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Online broadcasting breathes new life to intangible cultural heritage promotion

By Li Hongrui | | Updated: 2017-09-04 10:24

Online broadcasting breathes new life to intangible cultural heritage promotion

Veteran artist Ding Chenyun performs gu qin at the meeting on Sept 1, 2017. [Photo provided to]

On the morning September 1, when most people rushed to work, a man in traditional Chinese costume plucked strings, making music that made listeners calm and silent.

Ding Chengyun, the artist who played an instrument called gu qin – a plucked seven-string Chinese musical instrument – is a national inheritor of gu qin performing.

Along with him, another ten intangible cultural heritages (ICH) inheritors and some 30 representatives from online streaming companies got together in Beijing to discuss about the ICH promotion.

Organized by the Guangming Daily Website, the promotion has been creatively combined with online streaming and through the support from the Ministry of Culture.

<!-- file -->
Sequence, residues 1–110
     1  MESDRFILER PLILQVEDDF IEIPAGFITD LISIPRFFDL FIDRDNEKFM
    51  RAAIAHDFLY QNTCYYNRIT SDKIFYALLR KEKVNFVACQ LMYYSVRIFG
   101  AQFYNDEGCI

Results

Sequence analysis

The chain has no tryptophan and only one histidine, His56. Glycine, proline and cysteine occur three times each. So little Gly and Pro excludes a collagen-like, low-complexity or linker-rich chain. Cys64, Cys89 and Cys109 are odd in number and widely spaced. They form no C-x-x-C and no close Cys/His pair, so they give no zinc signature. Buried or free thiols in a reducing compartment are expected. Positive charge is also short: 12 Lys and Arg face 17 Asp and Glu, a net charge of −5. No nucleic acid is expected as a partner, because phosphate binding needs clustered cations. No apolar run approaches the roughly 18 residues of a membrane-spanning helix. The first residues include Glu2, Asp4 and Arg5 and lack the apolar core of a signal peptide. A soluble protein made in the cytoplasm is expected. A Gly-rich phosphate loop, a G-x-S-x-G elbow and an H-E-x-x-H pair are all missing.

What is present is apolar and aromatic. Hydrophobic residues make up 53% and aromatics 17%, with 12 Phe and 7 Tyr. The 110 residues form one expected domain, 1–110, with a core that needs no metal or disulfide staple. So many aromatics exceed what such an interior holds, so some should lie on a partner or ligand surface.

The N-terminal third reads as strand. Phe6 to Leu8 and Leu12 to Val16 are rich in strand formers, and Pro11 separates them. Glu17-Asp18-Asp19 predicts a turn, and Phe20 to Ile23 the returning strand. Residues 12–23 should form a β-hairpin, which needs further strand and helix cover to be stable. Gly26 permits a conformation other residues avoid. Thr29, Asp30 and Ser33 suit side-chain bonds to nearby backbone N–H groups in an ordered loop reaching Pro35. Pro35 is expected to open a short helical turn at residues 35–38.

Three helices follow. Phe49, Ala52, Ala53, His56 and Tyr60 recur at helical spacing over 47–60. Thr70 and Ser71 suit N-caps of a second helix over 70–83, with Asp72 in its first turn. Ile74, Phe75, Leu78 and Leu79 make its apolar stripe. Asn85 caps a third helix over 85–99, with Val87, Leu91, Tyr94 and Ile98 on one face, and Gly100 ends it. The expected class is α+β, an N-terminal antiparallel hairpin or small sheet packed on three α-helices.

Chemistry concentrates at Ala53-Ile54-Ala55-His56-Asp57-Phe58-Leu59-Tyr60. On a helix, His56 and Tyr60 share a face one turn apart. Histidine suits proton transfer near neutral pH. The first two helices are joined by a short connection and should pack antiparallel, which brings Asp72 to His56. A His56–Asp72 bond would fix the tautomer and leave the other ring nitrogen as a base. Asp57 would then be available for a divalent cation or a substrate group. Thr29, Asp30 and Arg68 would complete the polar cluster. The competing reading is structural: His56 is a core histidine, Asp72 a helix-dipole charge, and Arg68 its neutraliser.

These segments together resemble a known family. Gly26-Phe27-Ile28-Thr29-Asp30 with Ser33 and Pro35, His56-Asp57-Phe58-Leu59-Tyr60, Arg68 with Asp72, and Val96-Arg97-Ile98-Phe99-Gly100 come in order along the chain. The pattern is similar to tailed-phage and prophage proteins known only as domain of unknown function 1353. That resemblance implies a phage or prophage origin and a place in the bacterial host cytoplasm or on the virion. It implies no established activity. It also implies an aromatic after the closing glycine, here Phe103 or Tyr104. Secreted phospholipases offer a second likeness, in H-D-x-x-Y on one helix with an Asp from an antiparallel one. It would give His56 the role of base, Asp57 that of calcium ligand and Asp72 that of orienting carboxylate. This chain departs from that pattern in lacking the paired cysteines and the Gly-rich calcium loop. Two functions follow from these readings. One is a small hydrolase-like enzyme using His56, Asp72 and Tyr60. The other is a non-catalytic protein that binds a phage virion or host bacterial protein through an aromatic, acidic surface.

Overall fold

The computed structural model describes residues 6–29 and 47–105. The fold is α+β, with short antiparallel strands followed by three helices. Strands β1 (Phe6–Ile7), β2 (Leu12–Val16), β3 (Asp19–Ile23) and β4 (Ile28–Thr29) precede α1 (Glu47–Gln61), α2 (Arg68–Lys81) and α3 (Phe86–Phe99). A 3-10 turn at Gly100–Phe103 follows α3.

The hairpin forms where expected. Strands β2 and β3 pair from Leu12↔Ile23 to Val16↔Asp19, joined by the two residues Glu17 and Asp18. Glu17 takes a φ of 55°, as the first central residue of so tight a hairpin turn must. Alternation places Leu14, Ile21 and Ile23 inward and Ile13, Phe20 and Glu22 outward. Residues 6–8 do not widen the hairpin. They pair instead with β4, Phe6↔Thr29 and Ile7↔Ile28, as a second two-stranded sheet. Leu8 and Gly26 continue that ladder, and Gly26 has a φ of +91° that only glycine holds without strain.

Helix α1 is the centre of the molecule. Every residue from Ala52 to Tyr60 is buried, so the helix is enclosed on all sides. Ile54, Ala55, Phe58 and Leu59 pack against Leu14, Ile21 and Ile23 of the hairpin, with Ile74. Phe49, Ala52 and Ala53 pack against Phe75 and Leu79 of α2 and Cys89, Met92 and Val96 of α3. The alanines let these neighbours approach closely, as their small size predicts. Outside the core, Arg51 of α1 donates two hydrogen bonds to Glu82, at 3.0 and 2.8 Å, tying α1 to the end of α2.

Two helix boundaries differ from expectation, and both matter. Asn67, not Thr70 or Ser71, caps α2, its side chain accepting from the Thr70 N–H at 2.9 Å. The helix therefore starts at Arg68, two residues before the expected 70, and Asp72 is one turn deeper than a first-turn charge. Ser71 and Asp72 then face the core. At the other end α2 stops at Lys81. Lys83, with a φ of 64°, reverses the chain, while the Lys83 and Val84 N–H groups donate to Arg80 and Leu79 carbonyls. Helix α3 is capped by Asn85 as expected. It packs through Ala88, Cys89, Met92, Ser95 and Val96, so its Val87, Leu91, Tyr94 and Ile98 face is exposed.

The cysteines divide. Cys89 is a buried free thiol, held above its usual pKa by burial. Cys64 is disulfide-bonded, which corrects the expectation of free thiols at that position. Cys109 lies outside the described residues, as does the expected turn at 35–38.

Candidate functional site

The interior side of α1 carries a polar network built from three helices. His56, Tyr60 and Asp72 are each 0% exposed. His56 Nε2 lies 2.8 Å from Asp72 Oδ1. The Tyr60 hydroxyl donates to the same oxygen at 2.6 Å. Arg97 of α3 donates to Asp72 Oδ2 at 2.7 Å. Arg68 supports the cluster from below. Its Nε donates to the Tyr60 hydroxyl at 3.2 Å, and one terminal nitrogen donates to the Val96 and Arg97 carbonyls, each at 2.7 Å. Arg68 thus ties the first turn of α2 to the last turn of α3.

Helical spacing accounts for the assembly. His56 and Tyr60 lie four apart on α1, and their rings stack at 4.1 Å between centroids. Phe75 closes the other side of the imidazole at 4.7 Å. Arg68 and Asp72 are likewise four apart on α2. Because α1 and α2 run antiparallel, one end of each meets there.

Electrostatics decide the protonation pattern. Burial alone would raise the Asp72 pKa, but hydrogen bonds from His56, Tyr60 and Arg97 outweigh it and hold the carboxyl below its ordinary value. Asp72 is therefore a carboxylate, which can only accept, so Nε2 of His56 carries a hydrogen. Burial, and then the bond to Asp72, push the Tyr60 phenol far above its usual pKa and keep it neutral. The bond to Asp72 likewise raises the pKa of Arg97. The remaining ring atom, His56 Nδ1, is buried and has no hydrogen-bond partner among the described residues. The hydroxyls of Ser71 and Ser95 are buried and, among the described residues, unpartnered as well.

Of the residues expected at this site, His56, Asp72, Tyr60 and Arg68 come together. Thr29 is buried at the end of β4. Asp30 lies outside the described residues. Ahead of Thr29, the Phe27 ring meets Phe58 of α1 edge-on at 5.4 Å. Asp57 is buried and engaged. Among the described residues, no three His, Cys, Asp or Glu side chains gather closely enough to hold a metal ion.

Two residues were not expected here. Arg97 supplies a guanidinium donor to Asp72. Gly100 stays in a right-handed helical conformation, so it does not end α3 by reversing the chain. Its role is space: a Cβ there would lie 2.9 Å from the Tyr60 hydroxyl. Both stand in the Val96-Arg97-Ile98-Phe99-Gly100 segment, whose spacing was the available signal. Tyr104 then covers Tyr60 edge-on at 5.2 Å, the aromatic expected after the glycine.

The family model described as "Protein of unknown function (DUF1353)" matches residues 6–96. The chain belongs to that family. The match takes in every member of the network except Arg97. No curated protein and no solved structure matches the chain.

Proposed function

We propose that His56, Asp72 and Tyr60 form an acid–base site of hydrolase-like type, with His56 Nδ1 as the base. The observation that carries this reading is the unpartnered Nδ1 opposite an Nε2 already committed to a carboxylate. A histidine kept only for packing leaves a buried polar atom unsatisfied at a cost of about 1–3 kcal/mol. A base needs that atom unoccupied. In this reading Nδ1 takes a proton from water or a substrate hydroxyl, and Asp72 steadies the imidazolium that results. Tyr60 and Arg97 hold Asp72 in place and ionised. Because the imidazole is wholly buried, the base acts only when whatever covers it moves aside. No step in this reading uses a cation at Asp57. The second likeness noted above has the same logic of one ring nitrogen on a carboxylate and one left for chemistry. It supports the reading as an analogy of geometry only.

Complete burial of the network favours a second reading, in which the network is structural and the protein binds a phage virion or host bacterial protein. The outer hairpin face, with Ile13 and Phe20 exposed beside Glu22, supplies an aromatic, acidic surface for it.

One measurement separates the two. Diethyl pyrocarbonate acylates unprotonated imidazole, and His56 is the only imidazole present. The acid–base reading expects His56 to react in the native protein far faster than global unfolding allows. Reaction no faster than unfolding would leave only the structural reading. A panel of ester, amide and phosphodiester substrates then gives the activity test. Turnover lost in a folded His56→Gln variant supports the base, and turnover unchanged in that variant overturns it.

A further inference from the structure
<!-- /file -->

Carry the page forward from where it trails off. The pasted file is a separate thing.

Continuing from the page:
According to Lu Xiangao, deputy editor of Guangming Daily, the website has made about 30 online broadcasting of 30 ICH heritors in a dozen of provinces from May to Aug.

The broadcasting attracted around 30 million viewers via Douyu, an online broadcasting company.

"In an era of internet, new media, such as online streaming, helps more people know those unknown intangible cultural heritages," Lu said.

The unexpected popularity of the streaming inspired both the inheritors and officials to plan further future promotion of the cultural heritages.

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